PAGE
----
Criminal defense rights are critical for the protection of individuals accused of crimes. The criminal justice system can be intimidating for accused individuals to deal with, making knowing how to develop a criminal defense strategy vital for accused individuals facing any type of criminal charges.
Both the U.S. Constitution and the Virginia Constitution help protect the rights of individuals accused of crimes. One protection accused individuals enjoy is the right to be free from unreasonable searches and seizures. This applies in circumstances such as traffic stops, arrests and searches of people or places. Authorities must have probable cause to make an arrest or perform a search. Before the accused individual seeks to challenge alleged evidence against them, it may be necessary to challenge how it was collected if police did not follow required search and seizure procedures.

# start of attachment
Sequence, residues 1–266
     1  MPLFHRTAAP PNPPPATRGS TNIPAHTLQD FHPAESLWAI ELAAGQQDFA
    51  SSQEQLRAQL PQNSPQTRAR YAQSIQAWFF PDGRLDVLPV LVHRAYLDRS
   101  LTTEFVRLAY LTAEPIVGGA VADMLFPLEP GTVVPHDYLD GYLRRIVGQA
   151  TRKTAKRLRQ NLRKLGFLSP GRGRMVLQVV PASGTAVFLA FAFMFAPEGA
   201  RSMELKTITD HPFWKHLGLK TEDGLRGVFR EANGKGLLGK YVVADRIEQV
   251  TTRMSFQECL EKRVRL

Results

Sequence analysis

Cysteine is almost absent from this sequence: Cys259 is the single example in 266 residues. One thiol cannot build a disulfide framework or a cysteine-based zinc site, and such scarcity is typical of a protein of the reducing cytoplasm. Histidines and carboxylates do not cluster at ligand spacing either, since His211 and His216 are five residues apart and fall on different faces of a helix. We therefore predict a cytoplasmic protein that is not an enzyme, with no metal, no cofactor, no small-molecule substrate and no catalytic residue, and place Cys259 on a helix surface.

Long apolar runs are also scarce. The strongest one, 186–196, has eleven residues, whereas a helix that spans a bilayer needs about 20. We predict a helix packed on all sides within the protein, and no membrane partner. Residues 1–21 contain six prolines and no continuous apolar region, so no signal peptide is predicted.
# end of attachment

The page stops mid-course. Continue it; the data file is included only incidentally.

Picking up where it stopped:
Individuals have a reasonable expectation of privacy in their person, home, car and other circumstances. An unreasonable search or seizure may result in suppression of any evidence collected. Situations that may involve an unreasonable search or seizure includes an unlawful traffic stop that may lead to DUI charges; an unlawful search that may allegedly turn up drugs; unlawful entry into a residence without a lawful warrant to search; or an unlawful arrest that is not based on probable cause.
Evidence that is collected in violation of search and seizure protections may be thrown out, which can result in criminal charges being dismissed or reduced. This can result in eliminating or reducing the potential penalties and consequences the accused individual is facing. Criminal justice protections are an important line of defense against criminal charges, so it is essential that accused individuals know how to assert their criminal defense rights against unreasonable searches or seizures.